THE stocks-to-use is probably the best measure for assessing grain supply and demand, as it takes into account both sides of the equation.
It is important to delve into the data.
If we look at the world stocks-to-use (STU) ratio, then we are pretty well supplied.
The real important part is where the available supply is held.
At EP3 we tend to look at eight countries which trade the majority of the world's wheat.
This gives an idea of what is available to the world's deficit countries.
Currently, the STU of the world's major exporters is just below 14 per cent, which puts it at the lowest since 2007.
It is important to also take into account that the Ukraine issue is still live - will they/won't they be able to export grain via vessel this season?
Global wheat stocks remain high compared to history, at 266 million metric tonne, but this is well below the peak from 2019 at 298mmt.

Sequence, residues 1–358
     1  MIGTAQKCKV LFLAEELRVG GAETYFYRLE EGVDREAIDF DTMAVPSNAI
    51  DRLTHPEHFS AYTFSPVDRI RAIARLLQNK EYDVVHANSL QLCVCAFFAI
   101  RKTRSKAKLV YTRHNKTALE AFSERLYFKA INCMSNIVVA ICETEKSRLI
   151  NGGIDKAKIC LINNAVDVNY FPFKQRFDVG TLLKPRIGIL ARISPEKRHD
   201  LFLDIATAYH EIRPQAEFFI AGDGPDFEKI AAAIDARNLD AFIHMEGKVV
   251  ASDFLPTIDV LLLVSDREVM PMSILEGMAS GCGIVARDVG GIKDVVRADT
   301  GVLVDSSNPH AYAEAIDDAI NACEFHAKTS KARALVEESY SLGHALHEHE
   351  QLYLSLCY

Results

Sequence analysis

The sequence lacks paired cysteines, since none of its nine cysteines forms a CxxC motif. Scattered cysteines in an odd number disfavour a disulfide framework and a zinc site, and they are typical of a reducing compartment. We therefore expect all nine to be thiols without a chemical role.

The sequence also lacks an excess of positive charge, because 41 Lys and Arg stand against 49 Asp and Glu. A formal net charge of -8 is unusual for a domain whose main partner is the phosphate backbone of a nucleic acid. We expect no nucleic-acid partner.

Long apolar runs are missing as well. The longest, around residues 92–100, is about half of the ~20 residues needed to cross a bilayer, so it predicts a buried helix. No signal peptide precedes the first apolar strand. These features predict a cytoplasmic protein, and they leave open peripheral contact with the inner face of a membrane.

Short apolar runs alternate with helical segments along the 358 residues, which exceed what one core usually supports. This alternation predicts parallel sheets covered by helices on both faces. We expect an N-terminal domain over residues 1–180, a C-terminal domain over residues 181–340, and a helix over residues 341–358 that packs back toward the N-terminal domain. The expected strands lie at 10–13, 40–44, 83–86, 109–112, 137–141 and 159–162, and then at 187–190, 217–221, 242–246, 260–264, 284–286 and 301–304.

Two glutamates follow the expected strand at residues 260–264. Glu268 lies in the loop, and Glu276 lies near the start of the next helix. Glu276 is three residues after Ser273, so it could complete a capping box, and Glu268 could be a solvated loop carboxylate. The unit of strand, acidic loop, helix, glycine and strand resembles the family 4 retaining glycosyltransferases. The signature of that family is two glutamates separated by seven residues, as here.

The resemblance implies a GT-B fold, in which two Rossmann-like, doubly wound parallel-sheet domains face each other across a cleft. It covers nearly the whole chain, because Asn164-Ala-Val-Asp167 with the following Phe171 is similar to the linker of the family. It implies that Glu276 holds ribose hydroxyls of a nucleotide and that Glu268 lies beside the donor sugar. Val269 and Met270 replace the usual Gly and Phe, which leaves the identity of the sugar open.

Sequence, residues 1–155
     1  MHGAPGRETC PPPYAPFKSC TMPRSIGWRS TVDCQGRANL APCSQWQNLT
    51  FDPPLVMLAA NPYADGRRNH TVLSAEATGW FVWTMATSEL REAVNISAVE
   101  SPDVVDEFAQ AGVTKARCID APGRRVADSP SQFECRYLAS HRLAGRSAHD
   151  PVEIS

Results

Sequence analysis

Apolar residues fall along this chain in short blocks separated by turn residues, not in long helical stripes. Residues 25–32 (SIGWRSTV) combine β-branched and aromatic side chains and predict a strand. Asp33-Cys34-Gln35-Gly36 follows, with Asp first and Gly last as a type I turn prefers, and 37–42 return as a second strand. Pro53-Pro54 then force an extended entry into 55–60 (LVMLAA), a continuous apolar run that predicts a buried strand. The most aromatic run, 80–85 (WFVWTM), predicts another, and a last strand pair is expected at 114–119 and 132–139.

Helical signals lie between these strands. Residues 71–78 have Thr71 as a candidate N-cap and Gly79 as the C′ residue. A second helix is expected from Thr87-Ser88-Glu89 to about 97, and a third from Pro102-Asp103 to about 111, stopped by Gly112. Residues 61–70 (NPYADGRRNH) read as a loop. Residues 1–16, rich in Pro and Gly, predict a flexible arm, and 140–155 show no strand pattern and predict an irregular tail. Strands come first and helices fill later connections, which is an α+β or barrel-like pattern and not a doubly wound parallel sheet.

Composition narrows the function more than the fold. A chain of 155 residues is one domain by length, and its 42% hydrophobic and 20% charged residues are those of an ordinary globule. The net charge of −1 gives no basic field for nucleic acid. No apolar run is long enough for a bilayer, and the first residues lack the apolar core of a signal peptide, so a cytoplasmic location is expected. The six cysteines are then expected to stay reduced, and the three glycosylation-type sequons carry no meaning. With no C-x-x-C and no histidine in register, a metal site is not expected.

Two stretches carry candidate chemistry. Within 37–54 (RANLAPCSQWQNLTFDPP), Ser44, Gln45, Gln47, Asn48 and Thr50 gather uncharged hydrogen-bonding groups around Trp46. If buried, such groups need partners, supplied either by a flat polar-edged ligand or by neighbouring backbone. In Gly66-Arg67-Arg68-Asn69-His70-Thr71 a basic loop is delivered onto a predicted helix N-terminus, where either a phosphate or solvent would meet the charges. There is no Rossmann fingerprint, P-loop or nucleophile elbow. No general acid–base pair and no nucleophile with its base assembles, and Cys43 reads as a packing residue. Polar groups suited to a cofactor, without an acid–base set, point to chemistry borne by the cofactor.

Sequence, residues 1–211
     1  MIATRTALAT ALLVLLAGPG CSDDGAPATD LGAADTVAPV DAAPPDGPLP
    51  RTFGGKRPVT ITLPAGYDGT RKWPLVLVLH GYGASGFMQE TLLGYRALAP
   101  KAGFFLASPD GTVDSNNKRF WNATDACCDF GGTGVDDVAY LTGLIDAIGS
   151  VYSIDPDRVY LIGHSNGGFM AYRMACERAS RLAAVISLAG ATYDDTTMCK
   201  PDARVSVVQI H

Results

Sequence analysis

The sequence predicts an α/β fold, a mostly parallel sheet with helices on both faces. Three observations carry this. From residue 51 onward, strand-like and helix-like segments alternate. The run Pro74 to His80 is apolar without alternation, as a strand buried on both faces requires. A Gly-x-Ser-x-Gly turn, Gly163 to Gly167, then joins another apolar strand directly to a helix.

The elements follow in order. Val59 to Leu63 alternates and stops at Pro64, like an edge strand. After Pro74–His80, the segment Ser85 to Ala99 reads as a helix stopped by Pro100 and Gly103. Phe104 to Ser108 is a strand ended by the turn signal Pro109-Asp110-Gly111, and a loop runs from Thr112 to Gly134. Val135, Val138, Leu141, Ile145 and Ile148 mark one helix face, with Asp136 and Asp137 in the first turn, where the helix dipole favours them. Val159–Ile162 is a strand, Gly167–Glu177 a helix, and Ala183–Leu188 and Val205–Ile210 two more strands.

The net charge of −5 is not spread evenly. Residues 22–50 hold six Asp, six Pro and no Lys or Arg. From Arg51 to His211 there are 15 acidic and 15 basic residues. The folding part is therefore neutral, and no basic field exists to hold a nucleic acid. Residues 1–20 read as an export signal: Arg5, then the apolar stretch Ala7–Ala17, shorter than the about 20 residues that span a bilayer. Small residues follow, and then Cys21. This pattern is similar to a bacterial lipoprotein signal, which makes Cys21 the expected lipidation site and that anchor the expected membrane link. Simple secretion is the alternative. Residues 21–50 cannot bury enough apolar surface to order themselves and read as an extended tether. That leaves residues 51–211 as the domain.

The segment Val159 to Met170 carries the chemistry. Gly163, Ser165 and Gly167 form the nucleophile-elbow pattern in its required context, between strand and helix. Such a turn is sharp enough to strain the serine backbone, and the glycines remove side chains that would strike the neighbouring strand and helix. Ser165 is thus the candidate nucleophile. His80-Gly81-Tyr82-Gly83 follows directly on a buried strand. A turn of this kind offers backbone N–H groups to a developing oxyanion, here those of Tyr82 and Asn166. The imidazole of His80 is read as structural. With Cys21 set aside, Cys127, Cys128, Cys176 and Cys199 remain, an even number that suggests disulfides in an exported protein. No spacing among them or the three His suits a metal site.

The top eight exporters' stocks stayed relatively flat in recent years but have fallen in recent years to 55mmt, which is the lowest since 2012.
The global stocks are not spread equally.
If we drill down into the figures, China and India combined hold 57pc of the world's wheat supply.
Whether that exists and in what quality is another question.
In the case of China, this is unlikely to make it onto the global market.
While globally wheat stocks remain high, the reality is that the world's available wheat by virtue of the surplus nations, such as ourselves, is becoming tighter.
We always say the middle of the year makes the grain price.
If we see a major issue in one (or more) of the major exporters this year, then we could see fireworks as available supplies start to diminish.
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